This month our Meet the Insiders piece focuses on Bradley Geppert, director of DS Compliance – a company helping UK police to harness the data and information they gather from voice files. This ranges from interviews to call centre activity as well as consulting with commercial businesses about GDPR compliance and cyber security.

How did you get into the industry?

Twenty years ago, I worked with a software company that offered an early form of encrypted email. It wasn’t making the sales it should and I worked with them to help the business improve its proposition to the marketplace. It was early days in cyber security and compliance, but it’s formed the path I took over the subsequent twenty years. Twenty years later, as DS Compliance we could see GDPR on the horizon and we’ve been successful in providing GDPR audits, pen testing, ransomware and cyber security consultancy.

Tell me about DS Compliance

A couple of years ago with the emergence of GDPR legislation, we created a platform called DS Dash: GDPR, a one-stop-shop for managing compliance which includes audits, subject access requests and how to deal with breaches. Crucially we welcomed third party technology ‘plug ins’ to our solutions and 12 months ago we were approached by a large retailer’s call centre operations. Employees, though trained in how to deal with GDPR, when placed under pressure weren’t handling things correctly. Our consultancy and technology solutions helped prevent the problem and saved them 85% of the costs they were formerly paying out in paralegals after the problem occurred.

More recently we’ve developed software solutions alongside IBM and Arrow to develop voice analytics and have been successful working nationally with the police to provide keyword technology. If you can imagine the thousands of hours of voice files recorded, including call centres, interviews and covert together with CCTV and video, our technology provides the ability to search and analyse key words and find the part of the recording needed without having to listen to it multiple times – a huge strain on resources. More widely the technology provides the ability to perform more covert and investigative work searching for key words that are of concern or interest. Beyond the police, we can see the opportunity for other emergency services and the NHS.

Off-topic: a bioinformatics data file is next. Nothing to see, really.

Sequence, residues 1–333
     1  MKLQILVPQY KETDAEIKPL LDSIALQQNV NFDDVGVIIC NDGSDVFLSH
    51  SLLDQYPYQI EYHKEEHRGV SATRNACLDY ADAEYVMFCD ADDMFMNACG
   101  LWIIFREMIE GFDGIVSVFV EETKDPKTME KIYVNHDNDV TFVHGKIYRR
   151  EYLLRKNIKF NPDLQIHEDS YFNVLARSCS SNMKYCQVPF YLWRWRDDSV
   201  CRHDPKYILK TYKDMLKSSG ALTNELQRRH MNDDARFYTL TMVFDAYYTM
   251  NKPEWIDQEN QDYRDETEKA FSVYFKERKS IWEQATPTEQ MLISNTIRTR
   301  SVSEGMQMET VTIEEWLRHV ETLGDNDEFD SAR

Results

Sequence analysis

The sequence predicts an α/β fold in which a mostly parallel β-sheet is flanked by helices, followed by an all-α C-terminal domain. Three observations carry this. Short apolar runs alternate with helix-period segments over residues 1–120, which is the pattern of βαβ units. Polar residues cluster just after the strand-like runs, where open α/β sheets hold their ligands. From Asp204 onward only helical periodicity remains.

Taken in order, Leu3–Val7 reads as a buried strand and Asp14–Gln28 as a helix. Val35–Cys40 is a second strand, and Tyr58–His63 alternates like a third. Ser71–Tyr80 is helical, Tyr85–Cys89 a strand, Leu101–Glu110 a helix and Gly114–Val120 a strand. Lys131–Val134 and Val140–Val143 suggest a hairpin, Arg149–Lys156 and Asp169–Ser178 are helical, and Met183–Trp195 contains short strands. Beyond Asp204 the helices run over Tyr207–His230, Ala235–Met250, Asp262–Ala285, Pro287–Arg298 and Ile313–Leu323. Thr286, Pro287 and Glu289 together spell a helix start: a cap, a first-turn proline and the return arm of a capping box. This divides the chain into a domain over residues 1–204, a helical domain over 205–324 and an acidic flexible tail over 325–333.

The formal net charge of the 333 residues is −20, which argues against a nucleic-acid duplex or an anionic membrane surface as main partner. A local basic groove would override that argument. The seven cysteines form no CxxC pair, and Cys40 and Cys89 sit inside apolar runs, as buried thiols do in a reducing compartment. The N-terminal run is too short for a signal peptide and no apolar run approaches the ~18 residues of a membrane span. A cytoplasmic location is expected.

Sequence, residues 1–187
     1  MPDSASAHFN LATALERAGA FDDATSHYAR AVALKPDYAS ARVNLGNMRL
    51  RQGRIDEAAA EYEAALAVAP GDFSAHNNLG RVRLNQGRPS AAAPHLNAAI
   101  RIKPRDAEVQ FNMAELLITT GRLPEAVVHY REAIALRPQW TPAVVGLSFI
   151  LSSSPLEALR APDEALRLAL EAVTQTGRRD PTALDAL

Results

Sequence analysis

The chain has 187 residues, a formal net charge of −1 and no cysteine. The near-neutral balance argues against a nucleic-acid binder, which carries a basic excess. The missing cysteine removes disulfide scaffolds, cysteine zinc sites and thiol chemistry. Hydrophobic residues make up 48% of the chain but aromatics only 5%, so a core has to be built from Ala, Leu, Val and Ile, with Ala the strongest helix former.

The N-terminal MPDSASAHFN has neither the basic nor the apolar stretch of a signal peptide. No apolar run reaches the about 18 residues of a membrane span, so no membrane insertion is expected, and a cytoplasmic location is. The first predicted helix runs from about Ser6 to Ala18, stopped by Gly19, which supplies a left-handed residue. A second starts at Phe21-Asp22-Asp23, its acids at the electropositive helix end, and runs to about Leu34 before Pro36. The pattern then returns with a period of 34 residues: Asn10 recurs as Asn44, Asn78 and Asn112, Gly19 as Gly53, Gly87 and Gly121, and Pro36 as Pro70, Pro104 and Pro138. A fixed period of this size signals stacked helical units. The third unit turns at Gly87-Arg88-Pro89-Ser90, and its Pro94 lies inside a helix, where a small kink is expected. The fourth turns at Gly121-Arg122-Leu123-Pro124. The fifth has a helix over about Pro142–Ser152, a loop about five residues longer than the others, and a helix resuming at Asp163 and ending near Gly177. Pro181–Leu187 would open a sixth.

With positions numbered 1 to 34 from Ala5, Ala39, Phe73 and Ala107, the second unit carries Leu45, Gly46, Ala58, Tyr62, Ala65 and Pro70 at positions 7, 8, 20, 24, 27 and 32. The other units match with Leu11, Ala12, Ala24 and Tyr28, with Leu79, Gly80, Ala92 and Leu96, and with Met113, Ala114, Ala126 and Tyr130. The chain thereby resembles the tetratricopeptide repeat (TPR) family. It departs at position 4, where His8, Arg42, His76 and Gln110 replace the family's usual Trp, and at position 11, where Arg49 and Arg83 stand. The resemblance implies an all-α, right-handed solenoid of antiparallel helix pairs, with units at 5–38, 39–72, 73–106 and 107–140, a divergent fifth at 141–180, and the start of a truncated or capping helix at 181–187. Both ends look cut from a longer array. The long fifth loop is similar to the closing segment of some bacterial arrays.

Outside of the public sector, the technology is also used in marketing and sales operations. We work with a 50-branch estate agency who don’t want to monitor sales calls but can see how many times the word ‘mortgage’ might be used in calls to the branch to see if certain products or services are getting the right amount of airtime with home buyers. It’s a way to monitor the opportunities (or lost opportunities) without monitoring calls or the employees directly.

What size is the business and how has it grown?

The business has grown around our consultancy services to date, but since we’ve created the new technology solutions, we hope to double over the next 12 months – it’s taken us a year to tick all the relevant boxes in terms of ISO qualifications and pen testing, but we’re excited about the future.

What are your plans for the future?

Initially we are working with American and Australian distributors. I’d also like to explore the opportunities of diversifying into new areas where with some small tweaks the technology can be used in new ways and applications to help new challenges.

Where do you think growth will come from in the next few years?

Cyber security and RegTech are key growth areas that our solutions and consultancy offer huge support.

What has been your biggest achievement?

We’ve won some considerable named accounts and I’m very proud that we’re helping them, and our knowledge and expertise is well respected at this level. Our IBM relationship is also something to be proud of – we work with IBM and its partners wherever it’s possible to do so.

Finally, we’ve won a couple of awards and been finalists and that’s great recognition of our vision and technology.

What makes you different or stand out from the competition?

To some degree, our work with the police has no competition – what we do is quite new and specialist, but IBM has seen the potential in working with smaller niche companies and that has made a difference.

If you could give one piece of advice for someone getting into the industry what would it be?

Sales is key – make sure your route to market is well prepared! We undoubtedly got off to a flying start because we spent time understanding the marketplace first. Be sure to excite partners and prospects alike – if you do the rest falls into place.